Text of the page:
Published November 20, 2014
News that Spain had entered another recession renewed worries about the fragility of Europe's finances Monday and nudged stocks lower. The market ended its first losing month this year.
Disappointing economic reports and weak corporate earnings also weighed on stocks. The Standard & Poor's 500 index slipped 5.45 points to close at 1,397.91. For April, it was down 0.8 percent, its first month in the red since November.
The Spanish government said that the country's economy shrank in the first three months of the year, the second straight quarter of contraction.
The worry is that Spain's economy could be too big to rescue. It's twice as big as the combined economies of Greece, Portugal and Ireland, the three countries that have received bailout loans.
In the U.S., a drop in an index of Midwestern manufacturing and a slowdown in consumer spending last month added to worries that the economy is losing steam.
The Institute for Supply Management said its Chicago business barometer fell in April to the lowest level in more than two years. After weak readings for the New York and Philadelphia regions, the market reaction to the Chicago report could have been much worse, said Clark Yingst, chief market analyst at the brokerage Joseph Gunnar.
"It's very bad news in my opinion," Yingst said. "I'd have thought the market would come under more pressure than it has."
Weaker earnings reports from health insurer Humana and the owner of the New York Stock Exchange, NYSE Euronext, also hurt stock indexes.
The Dow Jones industrial average edged down 14.68 points to close at 13,213.63, but narrowly avoided its first monthly loss since September. The Dow finished April up less than two points.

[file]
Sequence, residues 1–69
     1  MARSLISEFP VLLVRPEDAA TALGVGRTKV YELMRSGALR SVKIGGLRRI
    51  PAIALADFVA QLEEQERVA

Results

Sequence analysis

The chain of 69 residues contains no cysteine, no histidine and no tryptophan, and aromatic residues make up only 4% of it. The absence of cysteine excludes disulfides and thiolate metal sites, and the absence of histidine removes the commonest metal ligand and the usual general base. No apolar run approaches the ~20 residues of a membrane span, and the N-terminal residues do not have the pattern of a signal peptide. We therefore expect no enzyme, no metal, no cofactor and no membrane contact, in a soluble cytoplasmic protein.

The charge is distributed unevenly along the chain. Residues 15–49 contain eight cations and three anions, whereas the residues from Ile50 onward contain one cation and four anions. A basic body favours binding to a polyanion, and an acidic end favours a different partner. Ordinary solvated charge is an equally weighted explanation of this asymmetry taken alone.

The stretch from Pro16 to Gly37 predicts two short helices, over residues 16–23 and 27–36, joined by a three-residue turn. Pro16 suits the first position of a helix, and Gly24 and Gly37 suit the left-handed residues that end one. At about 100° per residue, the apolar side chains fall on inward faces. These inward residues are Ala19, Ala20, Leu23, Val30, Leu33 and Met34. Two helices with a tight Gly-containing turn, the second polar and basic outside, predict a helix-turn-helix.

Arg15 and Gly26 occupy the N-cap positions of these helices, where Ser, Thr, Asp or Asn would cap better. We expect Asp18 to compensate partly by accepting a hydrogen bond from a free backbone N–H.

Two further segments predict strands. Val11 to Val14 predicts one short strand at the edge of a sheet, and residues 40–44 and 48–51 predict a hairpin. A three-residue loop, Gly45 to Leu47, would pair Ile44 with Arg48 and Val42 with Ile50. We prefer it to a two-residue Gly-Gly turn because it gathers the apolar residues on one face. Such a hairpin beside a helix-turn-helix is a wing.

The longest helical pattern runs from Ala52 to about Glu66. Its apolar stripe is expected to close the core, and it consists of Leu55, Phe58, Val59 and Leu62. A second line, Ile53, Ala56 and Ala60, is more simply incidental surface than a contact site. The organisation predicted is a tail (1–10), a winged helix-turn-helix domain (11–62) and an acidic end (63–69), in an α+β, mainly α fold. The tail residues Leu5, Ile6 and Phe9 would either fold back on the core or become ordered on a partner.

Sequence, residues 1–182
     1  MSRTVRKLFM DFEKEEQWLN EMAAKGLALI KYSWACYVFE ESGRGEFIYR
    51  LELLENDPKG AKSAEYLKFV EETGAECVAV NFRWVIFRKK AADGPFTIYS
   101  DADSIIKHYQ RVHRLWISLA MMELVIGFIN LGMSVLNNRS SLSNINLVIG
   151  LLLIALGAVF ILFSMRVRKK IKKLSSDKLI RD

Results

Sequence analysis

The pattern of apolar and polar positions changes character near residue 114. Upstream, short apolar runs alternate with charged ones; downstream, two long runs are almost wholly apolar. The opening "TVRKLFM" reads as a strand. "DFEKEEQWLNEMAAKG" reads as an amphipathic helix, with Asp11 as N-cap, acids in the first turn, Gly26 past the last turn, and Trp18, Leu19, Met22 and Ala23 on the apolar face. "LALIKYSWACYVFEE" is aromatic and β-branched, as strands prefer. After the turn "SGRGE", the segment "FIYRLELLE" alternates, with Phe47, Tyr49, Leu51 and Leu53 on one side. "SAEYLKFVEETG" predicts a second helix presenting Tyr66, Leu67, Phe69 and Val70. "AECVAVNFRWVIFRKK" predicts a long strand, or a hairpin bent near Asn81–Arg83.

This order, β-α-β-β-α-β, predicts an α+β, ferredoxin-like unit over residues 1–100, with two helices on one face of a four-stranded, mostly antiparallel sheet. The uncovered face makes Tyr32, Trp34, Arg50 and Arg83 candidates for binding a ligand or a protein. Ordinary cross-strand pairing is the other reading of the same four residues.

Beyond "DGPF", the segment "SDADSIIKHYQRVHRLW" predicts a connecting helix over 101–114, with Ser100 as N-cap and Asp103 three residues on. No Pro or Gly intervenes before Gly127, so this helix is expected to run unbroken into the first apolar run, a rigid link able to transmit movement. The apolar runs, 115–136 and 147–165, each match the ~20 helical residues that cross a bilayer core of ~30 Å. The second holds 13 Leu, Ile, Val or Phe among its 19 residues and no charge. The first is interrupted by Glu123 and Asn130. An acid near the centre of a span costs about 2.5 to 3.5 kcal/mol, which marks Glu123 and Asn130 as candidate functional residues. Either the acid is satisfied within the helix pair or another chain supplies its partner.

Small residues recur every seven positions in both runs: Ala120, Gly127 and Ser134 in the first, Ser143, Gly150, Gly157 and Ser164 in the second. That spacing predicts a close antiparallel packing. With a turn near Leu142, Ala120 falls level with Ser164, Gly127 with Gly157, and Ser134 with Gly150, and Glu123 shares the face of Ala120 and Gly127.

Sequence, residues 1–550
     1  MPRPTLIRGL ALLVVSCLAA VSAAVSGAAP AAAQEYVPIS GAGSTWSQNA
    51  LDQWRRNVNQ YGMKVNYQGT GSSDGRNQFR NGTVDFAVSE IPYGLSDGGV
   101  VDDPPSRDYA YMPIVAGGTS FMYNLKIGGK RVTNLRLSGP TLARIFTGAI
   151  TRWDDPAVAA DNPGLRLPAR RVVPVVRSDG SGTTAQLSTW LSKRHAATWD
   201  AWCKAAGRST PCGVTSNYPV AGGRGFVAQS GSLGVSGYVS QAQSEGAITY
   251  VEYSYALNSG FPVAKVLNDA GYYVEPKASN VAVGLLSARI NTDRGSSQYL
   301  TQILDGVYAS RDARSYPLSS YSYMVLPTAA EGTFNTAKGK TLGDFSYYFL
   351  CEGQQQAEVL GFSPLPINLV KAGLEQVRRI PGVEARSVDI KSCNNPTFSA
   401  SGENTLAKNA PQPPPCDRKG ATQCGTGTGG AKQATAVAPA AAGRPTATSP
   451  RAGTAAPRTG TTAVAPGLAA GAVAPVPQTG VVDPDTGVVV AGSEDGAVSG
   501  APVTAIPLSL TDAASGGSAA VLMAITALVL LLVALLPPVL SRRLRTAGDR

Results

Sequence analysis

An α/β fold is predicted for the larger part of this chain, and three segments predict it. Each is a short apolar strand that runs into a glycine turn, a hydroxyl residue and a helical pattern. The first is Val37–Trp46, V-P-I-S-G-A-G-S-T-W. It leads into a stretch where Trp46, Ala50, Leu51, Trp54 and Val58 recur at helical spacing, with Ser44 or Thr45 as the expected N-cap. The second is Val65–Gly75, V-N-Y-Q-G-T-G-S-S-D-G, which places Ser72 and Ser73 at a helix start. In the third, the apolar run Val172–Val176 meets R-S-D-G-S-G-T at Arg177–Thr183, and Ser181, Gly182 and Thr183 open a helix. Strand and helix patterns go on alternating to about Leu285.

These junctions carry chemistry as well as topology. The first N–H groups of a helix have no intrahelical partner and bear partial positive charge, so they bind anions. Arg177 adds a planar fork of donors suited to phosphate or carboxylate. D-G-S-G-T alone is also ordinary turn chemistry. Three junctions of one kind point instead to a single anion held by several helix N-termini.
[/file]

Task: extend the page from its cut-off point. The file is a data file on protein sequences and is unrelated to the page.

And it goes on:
The Nasdaq composite fell 22.84 points to 3,046.36. It posted a monthly loss of 1.5 percent.
Growing concerns about Spain knocked European markets lower on Monday. Spain's main stock index, the IBEX 35, sank 1.9 percent. France's CAC-40 lost 1.6 percent.
The dollar and U.S. Treasury prices edged up as investors parked money in low-risk assets.
Ratings agency Standard & Poor's downgraded Spain's government debt to just three notches above junk Friday. On Monday S&P lowered its rating for 11 Spanish banks, which are loaded with bad debt from a collapsed housing market.
Among stocks making big moves:
— Barnes & Noble jumped 52 percent after Microsoft announced that it would invest $300 million to help Barnes & Noble compete with Amazon.com. The companies will create a subsidiary for Barnes & Noble's e-book and college textbook businesses. Microsoft also plans an application for Nook, Barnes & Noble's e-reader, on its Windows 8 tablets, which come out this fall. Microsoft's stock was flat.
— Health insurer Humana fell 8 percent to after reporting a large drop in first-quarter profit as the company paid more in claims. The results fell short of Wall Street's expectations.
— NYSE Euronext, owner of the New York Stock Exchange, lost 5 percent after reporting that its income plunged in the first three months of the year. Revenue from its trading business was weak, and the company abandoned a merger with the European exchange operator Deutsche Boerse.
— Sunoco jumped 20 percent, the most of any stock in the S&P 500. The fuel-refining company agreed to be bought by Energy Transfer Partners, an operator of natural gas pipelines, for $5.3 billion.